Washington, DC – U.S. Senators Kirsten Gillibrand (D-NY) and Cory Gardner (R-CO), U.S. Senate Minority Leader Charles E. Schumer (D-NY), and U.S. Representatives Carolyn B. Maloney (D-NY-12) and Peter King (R-NY-2) today stood with 9-11 first responders, survivors, their families, and Jon Stewart to announce Senate passage of the bipartisan Never Forget the Heroes: James Zadroga, Ray Pfeifer, and Luis Alvarez Permanent Authorization of the September 11th Victim Compensation Fund Act. The bill to make the 9-11 Victim Compensation Fund permanent passed the Senate by a vote of 97 to 2. Earlier this month, the bill passed the House of Representatives by a vote of 402-12, and it will now go to the President’s desk to be signed into law.
“This bill sends a powerful signal from our nation, from Congress, and from all the people we represent in all 50 states that we will never forget what our 9-11 heroes did for us,” said U.S. Senator Kirsten Gillibrand. “This bill is for every single person who decided in that terrible moment – when we were attacked, when we were vulnerable, and we were scared – to do the unthinkable: to risk their lives for total strangers and sacrifice their bodies for our country. It is for every person who spent days, weeks, and months on the pile, and has had to suffer physical and mental scars for years because of that heroic work. It is for every survivor who lived in a home or went to school downtown when the government told them the air was safe to breathe. The Senate promised that we would “never forget,” and today we finally lived up to that promise. We will never forget our 9-11 heroes and we will never stop helping them when they are in need – and now, once and for all, they can finally exhale and go home to be with their families. This day is long overdue, and now I urge President Trump to immediately sign this bill into law.”
“On September 11th, 2001, first responders didn’t hesitate for a second when our nation needed them the most. Today Congress made good on our country’s promise to never forget the heroism, service, and sacrifices from 9-11,” said U.S. Senator Cory Gardner. “Permanent reauthorization of the 9-11 Victim Compensation Fund is not just a New York, Washington, or Pennsylvania issue. It is an American issue. The heroes of 9-11 are living across the country, including in Colorado. While this bill will not stop 9-11 first responders from becoming ill, it gives them the support they’ve earned and desperately need. I look forward to the president quickly signing this bill into law.”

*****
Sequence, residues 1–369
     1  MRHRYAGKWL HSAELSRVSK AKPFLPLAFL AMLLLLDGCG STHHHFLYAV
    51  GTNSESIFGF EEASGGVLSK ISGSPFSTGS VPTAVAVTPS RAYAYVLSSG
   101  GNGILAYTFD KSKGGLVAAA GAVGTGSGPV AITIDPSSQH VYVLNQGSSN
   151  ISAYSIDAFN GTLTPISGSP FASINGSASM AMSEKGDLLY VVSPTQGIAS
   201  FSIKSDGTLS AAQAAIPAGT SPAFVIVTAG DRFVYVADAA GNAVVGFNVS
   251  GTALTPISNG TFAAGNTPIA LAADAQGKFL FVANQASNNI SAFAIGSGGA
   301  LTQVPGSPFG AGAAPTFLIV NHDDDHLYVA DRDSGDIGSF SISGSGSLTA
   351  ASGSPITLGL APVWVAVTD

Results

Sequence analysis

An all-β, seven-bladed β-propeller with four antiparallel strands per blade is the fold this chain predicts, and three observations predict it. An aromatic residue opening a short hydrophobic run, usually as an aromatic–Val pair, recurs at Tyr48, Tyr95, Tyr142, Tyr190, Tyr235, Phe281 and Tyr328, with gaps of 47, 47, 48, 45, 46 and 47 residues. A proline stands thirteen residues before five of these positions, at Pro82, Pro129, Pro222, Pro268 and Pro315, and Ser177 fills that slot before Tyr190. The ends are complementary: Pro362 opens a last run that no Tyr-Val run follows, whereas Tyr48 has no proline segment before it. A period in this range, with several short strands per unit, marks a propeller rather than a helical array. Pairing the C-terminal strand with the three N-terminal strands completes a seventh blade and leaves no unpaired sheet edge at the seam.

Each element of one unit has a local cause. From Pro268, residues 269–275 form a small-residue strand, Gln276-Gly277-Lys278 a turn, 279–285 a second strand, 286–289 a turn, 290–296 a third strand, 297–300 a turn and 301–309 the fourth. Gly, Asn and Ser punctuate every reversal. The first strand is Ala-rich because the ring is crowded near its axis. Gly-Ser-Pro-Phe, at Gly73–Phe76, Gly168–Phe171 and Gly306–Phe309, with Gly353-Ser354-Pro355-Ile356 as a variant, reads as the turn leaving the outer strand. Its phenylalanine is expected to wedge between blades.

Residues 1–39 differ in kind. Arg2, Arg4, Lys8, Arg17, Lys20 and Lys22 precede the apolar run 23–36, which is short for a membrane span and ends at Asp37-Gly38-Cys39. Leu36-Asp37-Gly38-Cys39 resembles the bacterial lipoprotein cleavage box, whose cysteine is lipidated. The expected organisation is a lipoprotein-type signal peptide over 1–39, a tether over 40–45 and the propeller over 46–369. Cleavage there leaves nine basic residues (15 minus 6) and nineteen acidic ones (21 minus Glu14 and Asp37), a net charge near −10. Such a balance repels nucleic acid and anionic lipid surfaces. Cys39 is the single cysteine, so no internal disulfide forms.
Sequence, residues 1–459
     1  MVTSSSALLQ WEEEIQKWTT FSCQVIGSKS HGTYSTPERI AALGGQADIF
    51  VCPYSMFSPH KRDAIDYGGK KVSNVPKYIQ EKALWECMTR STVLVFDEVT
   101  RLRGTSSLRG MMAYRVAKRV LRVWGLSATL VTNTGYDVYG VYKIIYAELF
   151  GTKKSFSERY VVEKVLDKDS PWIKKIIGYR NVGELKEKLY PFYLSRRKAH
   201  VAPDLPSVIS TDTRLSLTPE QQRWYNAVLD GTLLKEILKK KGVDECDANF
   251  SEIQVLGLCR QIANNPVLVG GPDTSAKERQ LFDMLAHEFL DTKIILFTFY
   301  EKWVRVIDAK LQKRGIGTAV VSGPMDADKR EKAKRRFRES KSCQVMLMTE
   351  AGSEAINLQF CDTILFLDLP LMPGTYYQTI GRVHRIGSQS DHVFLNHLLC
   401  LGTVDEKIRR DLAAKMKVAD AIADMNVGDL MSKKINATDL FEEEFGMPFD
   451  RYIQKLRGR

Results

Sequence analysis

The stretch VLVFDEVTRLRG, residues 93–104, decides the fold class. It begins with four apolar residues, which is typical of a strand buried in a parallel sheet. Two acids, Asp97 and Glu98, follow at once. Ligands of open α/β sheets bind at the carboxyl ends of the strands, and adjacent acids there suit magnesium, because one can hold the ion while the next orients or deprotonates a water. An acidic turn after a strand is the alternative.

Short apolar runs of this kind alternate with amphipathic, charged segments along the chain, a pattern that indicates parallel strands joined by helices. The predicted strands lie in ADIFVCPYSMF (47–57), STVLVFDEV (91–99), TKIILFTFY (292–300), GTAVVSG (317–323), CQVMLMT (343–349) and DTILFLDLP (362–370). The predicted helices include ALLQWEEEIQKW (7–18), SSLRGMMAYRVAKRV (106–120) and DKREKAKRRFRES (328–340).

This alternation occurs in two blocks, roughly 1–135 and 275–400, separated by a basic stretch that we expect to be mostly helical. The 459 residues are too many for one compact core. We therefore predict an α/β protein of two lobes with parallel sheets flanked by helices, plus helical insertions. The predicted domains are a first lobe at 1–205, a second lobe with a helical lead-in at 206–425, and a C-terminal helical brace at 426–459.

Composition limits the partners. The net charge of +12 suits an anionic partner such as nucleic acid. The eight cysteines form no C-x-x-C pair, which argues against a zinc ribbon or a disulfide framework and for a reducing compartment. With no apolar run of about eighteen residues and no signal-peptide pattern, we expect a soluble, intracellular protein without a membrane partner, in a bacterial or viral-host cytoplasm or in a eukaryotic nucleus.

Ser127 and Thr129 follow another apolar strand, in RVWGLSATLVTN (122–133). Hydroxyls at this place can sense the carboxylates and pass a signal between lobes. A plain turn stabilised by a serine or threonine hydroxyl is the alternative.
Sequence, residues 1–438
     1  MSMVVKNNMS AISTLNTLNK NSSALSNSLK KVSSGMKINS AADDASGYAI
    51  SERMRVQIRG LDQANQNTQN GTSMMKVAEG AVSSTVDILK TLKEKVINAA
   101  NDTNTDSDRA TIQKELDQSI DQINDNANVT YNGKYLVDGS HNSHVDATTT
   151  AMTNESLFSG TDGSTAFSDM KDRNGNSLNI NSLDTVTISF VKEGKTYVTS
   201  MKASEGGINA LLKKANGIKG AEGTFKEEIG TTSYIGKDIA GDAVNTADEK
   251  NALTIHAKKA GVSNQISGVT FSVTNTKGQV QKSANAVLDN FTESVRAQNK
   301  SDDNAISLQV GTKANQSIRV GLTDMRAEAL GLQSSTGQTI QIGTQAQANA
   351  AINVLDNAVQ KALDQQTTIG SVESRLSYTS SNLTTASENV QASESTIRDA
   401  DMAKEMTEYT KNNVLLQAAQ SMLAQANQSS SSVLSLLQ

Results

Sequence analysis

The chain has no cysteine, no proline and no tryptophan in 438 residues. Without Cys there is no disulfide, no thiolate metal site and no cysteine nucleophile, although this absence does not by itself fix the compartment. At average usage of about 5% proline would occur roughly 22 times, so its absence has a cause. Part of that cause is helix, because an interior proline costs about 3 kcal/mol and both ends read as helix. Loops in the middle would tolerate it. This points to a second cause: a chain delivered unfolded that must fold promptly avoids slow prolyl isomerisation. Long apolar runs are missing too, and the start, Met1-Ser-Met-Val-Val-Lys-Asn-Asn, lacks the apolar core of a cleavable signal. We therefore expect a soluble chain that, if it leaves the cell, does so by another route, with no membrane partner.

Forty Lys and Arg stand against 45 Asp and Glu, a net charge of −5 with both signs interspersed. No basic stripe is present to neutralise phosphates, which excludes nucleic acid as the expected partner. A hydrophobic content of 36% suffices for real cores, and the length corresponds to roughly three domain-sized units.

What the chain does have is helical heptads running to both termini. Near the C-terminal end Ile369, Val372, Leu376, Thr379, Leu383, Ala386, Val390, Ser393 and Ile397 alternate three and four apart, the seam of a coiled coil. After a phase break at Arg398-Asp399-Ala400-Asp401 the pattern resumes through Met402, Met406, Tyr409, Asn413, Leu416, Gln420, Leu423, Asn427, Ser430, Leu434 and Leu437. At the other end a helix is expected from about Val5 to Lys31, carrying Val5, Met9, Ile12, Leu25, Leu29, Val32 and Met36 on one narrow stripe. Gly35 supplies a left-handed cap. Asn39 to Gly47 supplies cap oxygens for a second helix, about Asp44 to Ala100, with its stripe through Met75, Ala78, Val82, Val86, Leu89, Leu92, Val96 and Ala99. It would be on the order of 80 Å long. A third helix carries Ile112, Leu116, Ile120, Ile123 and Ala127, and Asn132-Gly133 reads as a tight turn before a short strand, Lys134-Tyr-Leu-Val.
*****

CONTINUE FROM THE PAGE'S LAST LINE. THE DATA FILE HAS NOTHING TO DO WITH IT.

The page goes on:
“For too long we’ve waited to settle this matter; too many people have put up partisan roadblocks along the way. But now we are here, exiting a dark tunnel to guarantee—once and for all—that the heroes who rushed to the towers eighteen years ago will no longer have to worry about compensation for their families,” said U.S. Senator Charles Schumer. “These men and women, many of them sick, some of them gravely so, won’t have to return to Congress anymore to fight for the compensation that should always have been a given. They will be able to go home, attend to their illnesses, their family members, and their friends. From the bottom of our hearts, we thank each and every one of them.”
“Today, the Senate joined with 402 Members of the House in telling the 9-11 community that we meant it when we vowed to Never Forget,” said U.S. Representative Carolyn Maloney. “The true Twin Towers of New York are the FDNY and the NYPD, and fully funding and permanently authorizing the 9-11 Victim Compensation Fund is the least we can do to honor their sacrifices. I will not rest until the September 11th Victim Compensation Program is made permanent and we finally turn our promise to Never Forget into law. I hope the President signs this legislation quickly, so we can finally give these heroes the peace of mind they deserve.”
On February 15, 2019, the September 11th Victim Compensation Fund announced that due to a funding shortfall, injured and ill 9-11 responders and survivors will receive cuts to the awards that they were expecting of 50% for pending claims and 70% for future claims.
In the years since 9-11/2001, thousands of 9-11 responders and survivors have become ill and many have lost their lives from exposure to a toxic cocktail of burning chemicals, pulverized drywall and powdered cement that was present at Ground Zero. After years of urging Congress to act, in 2010 and again in 2015, legislation was passed to provide medical monitoring and treatment through the World Trade Center Health Program until 2090. However, the September 11th Victim Compensation Fund was only extended until 2020 and the money is already running out. Now, thousands are facing dramatically reduced awards and without this legislation, the VCF will actually be closing next year just as thousands more 9-11 responders and survivors are expected to be diagnosed with 9-11 cancers.
This legislation is designed to ensure that the VCF is fully funded and will remain open for those who will become ill in the future. A veto-proof bipartisan majority of the United States Congress cosponsored this legislation.